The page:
A strategy for marketing during solemn times: Don’t2013-09-12
Yesterday started with a heart-stopping moment. Not quite awake, I turned on the news to see 9/11 coverage. Not a somber report on the anniversary, but the actual coverage from that awful day. At 6 a.m. yesterday, I watched the coverage from 6 a.m. 12 years ago. It was an abrupt and powerful reminder of all we experienced and all we lost.
It went downhill from there.
As the day wore on, I saw one after another misfire from brands commemorating the anniversary. Reports came out of Marketwatch, AdAge and Digiday of noteworthy blunders. There was AT&T’s tweet, simply: Never Forget, accompanied by a link to an image of a hand holding a smartphone. On the screen, a photo of the Twin Towers memorial light beams. Behind the phone, the current New York skyline at night. It’s not a bad image.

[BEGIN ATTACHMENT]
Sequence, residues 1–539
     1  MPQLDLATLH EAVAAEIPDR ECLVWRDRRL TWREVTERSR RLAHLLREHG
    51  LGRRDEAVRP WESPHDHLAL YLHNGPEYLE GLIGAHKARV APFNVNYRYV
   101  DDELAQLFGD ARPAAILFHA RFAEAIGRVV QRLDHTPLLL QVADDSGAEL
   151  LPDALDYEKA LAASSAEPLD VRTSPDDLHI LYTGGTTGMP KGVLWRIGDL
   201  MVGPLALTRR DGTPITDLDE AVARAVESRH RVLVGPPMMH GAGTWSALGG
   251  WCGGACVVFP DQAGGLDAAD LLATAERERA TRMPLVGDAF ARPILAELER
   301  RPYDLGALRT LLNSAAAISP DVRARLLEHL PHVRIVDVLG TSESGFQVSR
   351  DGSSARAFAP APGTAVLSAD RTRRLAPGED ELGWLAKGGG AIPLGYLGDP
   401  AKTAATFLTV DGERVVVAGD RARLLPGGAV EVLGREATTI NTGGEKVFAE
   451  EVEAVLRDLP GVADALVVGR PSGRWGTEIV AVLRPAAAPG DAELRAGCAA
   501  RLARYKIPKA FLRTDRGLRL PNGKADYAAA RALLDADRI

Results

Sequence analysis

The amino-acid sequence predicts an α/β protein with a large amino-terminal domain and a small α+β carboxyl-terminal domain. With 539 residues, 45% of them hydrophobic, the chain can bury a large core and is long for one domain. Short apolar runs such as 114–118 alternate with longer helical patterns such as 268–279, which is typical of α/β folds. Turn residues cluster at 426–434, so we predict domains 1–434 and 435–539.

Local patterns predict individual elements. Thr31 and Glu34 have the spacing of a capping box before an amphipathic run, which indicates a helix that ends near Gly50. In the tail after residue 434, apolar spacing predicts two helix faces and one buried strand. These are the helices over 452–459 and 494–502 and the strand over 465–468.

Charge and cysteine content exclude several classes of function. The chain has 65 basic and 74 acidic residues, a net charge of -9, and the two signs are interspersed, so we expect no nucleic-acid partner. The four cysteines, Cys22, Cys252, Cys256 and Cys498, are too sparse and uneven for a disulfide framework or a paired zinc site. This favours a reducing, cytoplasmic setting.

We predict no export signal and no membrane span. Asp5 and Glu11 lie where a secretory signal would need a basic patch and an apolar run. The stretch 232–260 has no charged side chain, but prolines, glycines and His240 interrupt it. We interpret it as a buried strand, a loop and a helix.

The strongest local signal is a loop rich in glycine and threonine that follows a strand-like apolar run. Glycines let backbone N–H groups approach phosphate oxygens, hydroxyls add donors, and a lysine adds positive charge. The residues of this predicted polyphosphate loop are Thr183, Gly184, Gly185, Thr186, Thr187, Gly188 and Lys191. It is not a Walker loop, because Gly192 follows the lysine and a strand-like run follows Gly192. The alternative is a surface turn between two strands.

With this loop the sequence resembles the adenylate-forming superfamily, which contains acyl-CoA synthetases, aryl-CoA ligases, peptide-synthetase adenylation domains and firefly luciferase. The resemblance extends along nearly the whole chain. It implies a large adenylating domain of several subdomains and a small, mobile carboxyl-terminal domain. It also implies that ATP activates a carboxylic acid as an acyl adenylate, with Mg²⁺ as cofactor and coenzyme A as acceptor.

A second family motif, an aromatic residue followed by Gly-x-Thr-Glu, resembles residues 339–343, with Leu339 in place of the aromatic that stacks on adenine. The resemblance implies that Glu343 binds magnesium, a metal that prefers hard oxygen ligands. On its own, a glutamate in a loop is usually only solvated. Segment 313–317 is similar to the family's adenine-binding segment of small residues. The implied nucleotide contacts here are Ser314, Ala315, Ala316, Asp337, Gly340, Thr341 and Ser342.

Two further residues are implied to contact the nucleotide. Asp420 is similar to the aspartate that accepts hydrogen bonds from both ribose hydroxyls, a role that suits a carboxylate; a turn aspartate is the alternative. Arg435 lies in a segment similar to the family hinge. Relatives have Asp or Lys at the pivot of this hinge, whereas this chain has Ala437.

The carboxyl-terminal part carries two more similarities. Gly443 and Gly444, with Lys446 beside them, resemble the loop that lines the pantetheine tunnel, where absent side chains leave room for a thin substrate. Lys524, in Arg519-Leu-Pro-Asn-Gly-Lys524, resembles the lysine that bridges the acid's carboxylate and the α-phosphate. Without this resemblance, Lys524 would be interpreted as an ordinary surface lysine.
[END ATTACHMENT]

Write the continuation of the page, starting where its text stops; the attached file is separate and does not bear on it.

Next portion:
But smartphones and wireless services are what AT&T sells, so the tribute is tainted even if it’s well-executed. A lot of people were offended. AT&T apologized. All in all, what was already bound to be a difficult day got worse for AT&T. Marriott didn’t fare much better. Someone at one of Marriott’s hotels, on his or her own initiative, displayed a sign offering free mini-muffins for 30 minutes “in remembrance of those we lost on 9/11.” A guest shot a picture of the sign, shared it on Twitter, and there was more fodder for outrage. Marriott didn’t help by responding with a statement so clearly filtered through the legal department.